DUSTIN POIRIER: But it has to be sustainable. You know, when you're fighting the best guys in the world, it's not one explosion, unless you knock them out or something. It's not one explosion that happens, and checkmate, it wins the fight, unless it's like a big punch or something like that. So if you have the strength, you have to be able to sustain it, because the guys at this level, they're going to keep coming, keep walking forward and stay in your face.

KEVIN IOLE: That was quite a video. I think people need to see that just for fun. That's a really good one. Two other things I want to ask you about. You know, we referenced Islam Makhachev winning the championship. You know, you fought Charles Oliveira. What did you see in that fight, and how impressed were you by Islam's performance?

DUSTIN POIRIER: Man, very impressed. Very impressed. He went in there and did it as smooth as you can possibly go in there and do it. You know, no marks, no cuts, no bruises, and he's a world champion. That's a sweet night, man. I'm very impressed with him.

KEVIN IOLE: As a potential opponent for you, right-- we know he has this great wrestling and that's something that's really tough for anybody to overcome. But I felt like his striking was so important in that fight, where he hurt him right off the bat with it. And his hands were good. And maybe his hands aren't as good as some other guys, but when you combine it with that wrestling, that makes him a problem. So you know, when you look at that striking, how much of a benefit is that to him to have something like that to go along with the wrestling?

DUSTIN POIRIER: I mean, it's huge. You know, you can't be-- in this day and age in Mixed Martial Arts, you can't be a fighter who has one thing. You know, you have to be able to do it all. You have to be a mixed martial artist, and he showed that. He went out there and hurt Charles and then put him away at his own game. You know, that's the highest level.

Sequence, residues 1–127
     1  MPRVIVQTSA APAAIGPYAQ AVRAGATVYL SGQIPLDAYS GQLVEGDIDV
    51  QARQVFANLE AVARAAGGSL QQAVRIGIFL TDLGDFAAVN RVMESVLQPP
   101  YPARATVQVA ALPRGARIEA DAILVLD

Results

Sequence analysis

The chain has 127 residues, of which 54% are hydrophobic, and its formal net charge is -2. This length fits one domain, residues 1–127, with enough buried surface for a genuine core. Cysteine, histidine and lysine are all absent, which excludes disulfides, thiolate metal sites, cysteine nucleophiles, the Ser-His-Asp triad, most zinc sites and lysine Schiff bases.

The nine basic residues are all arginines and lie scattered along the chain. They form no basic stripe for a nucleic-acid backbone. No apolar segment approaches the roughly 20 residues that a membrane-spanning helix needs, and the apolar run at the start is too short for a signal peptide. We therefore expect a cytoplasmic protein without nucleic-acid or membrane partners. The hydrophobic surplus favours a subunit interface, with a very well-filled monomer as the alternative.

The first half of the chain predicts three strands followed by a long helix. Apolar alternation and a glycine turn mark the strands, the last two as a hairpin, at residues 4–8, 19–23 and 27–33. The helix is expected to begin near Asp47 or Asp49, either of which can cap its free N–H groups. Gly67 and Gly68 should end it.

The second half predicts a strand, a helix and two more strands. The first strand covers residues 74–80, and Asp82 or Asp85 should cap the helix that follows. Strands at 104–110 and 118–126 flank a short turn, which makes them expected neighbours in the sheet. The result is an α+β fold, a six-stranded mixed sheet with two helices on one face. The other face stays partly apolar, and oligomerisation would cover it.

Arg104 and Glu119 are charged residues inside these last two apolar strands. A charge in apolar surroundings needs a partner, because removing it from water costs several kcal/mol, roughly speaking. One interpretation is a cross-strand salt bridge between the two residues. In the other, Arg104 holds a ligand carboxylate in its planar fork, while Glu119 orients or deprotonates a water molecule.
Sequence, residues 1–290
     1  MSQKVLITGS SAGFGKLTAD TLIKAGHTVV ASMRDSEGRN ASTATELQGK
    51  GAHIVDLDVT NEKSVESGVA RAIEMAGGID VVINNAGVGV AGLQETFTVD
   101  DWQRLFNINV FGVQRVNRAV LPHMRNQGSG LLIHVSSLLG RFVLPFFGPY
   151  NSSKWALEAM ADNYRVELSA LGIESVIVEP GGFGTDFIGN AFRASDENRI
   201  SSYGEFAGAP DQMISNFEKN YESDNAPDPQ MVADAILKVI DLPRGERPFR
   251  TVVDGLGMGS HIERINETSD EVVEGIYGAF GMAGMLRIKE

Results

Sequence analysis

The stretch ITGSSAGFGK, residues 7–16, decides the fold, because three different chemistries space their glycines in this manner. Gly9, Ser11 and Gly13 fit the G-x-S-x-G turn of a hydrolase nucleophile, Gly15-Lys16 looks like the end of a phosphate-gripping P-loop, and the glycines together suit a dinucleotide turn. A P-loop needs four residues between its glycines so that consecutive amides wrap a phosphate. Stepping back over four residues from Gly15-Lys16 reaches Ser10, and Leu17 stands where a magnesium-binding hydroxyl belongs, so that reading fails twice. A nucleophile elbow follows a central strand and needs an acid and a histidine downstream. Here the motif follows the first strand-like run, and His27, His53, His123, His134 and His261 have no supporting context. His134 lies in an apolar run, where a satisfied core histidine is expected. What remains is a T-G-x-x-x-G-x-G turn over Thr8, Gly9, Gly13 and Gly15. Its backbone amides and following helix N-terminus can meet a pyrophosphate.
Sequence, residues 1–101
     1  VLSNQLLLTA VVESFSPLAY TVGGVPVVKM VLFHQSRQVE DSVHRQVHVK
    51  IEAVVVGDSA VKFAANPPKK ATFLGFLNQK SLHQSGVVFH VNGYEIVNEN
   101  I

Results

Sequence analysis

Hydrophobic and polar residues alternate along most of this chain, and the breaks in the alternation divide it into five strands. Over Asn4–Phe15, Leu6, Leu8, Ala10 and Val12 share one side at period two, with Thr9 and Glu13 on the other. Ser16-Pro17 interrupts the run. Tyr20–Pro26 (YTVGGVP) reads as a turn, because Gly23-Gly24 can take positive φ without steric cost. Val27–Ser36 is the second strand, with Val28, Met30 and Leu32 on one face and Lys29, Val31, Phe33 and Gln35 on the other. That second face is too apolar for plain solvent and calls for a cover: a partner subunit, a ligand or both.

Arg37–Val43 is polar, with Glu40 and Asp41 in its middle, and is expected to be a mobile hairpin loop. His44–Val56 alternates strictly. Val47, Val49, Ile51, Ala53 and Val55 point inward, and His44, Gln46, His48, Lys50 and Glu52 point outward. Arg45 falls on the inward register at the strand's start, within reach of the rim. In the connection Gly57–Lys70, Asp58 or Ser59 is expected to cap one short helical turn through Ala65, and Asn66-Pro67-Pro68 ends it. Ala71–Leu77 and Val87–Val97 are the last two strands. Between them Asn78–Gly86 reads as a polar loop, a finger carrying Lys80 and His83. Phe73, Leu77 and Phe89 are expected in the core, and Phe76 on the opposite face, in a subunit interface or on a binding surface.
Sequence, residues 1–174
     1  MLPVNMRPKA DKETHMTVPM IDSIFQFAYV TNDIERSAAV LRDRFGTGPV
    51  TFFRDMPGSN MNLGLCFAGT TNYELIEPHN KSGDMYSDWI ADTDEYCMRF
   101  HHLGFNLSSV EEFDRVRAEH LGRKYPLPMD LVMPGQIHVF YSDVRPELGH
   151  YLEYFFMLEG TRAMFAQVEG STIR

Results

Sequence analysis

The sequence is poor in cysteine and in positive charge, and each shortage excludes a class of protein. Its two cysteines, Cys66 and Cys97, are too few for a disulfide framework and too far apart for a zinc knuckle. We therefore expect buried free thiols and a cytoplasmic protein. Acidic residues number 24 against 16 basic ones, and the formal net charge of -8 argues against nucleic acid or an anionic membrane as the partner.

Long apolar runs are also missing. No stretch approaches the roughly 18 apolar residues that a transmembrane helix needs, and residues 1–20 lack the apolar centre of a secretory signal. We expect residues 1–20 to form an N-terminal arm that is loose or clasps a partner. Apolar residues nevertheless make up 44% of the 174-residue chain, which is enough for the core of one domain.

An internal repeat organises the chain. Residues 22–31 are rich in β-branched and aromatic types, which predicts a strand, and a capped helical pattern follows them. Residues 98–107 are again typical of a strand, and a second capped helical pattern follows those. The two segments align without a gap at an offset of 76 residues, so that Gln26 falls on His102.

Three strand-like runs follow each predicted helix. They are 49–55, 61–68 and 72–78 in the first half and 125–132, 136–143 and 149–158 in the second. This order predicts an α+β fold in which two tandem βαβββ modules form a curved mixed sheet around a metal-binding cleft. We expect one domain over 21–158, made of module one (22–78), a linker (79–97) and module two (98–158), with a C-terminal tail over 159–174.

KEVIN IOLE: Yeah. So make the case for yourself. So if you beat Mike Chandler, who Mike, his record is not, I think, indicative of how good of a fighter he is since he's been in the UFC. He's been in unbelievable fights since he's been in the UFC. You beat Mike Chandler. Given what else I said you did, make the case for yourself being the next challenger for Makhachev.

DUSTIN POIRIER: I mean, I feel like my track record and my work speaks for itself. I don't need to get on a platform and beg for a title shot. I'm going to go out there. I'm going to fight next weekend, and let the cards fall where they may.

KEVIN IOLE: New York, Madison Square Garden, the Mecca of the fight game. Dustin Poirier and Mike Chandler will be fighting there. Dustin, I appreciate you, brother. Wish you good luck. Look forward to seeing you next week.

DUSTIN POIRIER: Thank you, man.

KEVIN IOLE: See you.